Thank you David Charlap. In airplane mode, 24 hours later it was still at 100%. I turned on wifi and a day after that it was down to 98%. I should be good for a long time if I leave both disabled, which is no hardship.
 


Re: Apple Store repairs with non-standard parts... Aside from making data backups in advance (if possible), be sure you get some form of receipt acknowledging your add-ons before handing over any device to Apple or an Apple-Certified service location.

Things may have changed recently, but last time I brought in a MacBook Pro for service with RAM and SSD upgrades in late 2015, Apple's iPad ticketing system had no way to record these details besides a generic checkbox for non-Apple parts. The tech could not add detailed comments to the ticket.

I had to become forceful about getting something in writing that identified the replaced parts for my client. Without this itemization, there would be no evidence if the service center had swapped in standard parts during the repair for whatever reason.
 


I took in my iPhone 6 Plus (no appointment) to get the battery replaced. It passed their test just fine, but they said they would replace the battery anyway if I wanted to pay the $29 plus tax. The new battery charges to 100% of capacity instead of only 89%.

Something I hadn't looked at before: I leave the phone on but never touch it (no sim card), everything I can find to turn off is off, except Find My Phone, and battery charge drops 5% per day. I doubt anyone reading this never uses their phone, but I wonder if this is normal behavior.
Check Safari. There is a 2-box image on the bottom right. When you select it, all the visited sites will come up. I was draining faster until I learned to do this. I had over a dozen pages that contributed to draining my battery. If I am right, then this should help.
 


Brief story about Apple support. And, of course, it has to do with Apple ID (the most frustrating, incomprehensible thing in the Apple universe). I was trying to straighten out and organize my Apple IDs (turns out, I have 4(!)). And, a couple of them are "legacy" IDs, not email addresses. Also, in one of the legacy accounts I had downloaded a significant amount of software, including several OS updates, so I wanted to be sure to keep that one. After attempting to do the change to a new ID myself, I had things totally hosed. Using the online access to Apple Support, I got a call back in about 1 minute. The fellow from Apple spent more than 45 minutes with me to get everything straightened out. Turns out I had the same "rescue email" tied to three of the accounts and that was the email I was trying to use to verify the legacy account. For all of this Apple didn't charge a dime, didn't flinch when I didn't have the most current software, and didn't ask if I had anything new that was under AppleCare. I must say that for all the times I have cursed Apple for their changes, they do still provide exemplary service in many cases.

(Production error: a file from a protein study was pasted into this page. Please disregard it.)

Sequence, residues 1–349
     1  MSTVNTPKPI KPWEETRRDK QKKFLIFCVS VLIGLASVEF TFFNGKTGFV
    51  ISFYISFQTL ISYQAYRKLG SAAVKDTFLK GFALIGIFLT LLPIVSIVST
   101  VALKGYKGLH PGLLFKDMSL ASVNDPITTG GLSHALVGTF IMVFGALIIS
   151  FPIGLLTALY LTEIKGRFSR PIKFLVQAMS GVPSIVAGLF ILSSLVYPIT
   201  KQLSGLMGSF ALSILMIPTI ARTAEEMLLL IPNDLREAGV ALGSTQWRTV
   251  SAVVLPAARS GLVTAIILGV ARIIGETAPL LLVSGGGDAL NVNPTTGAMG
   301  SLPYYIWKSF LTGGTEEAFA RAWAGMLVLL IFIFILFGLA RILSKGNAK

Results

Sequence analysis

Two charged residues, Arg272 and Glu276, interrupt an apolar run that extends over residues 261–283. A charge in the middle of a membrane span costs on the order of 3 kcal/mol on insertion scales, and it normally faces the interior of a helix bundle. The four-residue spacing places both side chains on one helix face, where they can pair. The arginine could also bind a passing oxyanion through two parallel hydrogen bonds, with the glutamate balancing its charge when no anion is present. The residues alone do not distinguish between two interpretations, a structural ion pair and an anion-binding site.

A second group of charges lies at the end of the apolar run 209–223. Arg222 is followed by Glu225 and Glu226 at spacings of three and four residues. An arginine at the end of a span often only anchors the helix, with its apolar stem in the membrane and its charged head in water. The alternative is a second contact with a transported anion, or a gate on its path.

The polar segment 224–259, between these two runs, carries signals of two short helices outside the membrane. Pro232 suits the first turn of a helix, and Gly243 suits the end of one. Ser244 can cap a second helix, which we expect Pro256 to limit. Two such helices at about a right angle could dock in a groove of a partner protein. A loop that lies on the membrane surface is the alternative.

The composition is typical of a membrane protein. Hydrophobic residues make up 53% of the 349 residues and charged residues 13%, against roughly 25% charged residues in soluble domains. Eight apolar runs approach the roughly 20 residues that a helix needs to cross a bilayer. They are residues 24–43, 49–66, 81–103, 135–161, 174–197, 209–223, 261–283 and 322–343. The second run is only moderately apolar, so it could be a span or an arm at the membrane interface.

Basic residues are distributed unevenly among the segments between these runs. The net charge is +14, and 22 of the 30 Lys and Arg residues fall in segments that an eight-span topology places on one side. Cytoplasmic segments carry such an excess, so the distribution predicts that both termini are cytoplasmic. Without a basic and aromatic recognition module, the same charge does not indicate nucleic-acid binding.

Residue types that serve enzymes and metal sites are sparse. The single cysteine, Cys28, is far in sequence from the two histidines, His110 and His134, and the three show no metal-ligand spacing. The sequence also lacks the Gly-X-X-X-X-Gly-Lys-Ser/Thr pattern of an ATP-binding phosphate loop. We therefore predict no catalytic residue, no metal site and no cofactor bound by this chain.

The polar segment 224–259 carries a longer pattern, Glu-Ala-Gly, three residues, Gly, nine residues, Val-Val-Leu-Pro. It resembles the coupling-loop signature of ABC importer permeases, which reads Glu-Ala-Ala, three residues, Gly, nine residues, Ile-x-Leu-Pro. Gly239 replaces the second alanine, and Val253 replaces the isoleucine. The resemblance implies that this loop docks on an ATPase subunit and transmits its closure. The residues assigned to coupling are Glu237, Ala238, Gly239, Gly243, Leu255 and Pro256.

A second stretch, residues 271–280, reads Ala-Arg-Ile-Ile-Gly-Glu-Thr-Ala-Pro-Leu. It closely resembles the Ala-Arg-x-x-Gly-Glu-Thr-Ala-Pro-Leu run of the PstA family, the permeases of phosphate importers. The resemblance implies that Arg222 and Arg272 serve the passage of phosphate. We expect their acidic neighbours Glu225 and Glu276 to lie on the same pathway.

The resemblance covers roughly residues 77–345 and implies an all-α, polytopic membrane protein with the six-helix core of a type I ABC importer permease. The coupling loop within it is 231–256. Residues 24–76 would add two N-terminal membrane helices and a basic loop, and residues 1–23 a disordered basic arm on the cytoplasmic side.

I can endorse Bruce T's experience [with AppleCare], which I have used on several occasions this year, always polite, always caring and so patient.
 


I had a good (after bad) experience with AppleCare this week.

My MacBook Pro 13 (early 2015) went on the fritz last Monday. I closed the screen, and it never woke up. I restarted numerous times, reset SMC and PRAM, tried to restart in repair mode, etc. After about an hour of tinkering, the machine rebooted into recovery mode. I quit the set up process and resumed working. All seemed to be OK.

The next day, in the middle of surfing the net, the machine locked up -- cursor would not move and keyboard was unresponsive. Tried the solutions from the day before to no avail. So I made an appointment at the Georgetown (DC) store to see a Genius.

I took the machine in, and from the start of the appointment, it was apparent the Genius thought I was full of BS. You see, I had dropped the laptop a few months ago, and came into the store in September to see about a top case replacement. When I heard the price, I balked and figured I could live with a dented corner, especially since the ports all work. I believe that he thought I was trying to scam for a case. I even said explicitly that this was not the case. Anyway, the machine started up in recovery mode, and the Genius ran a few utilities which he claimed "repaired a software issue." The machine rebooted fine, and I was able to surf the web for a few moments before he excused me.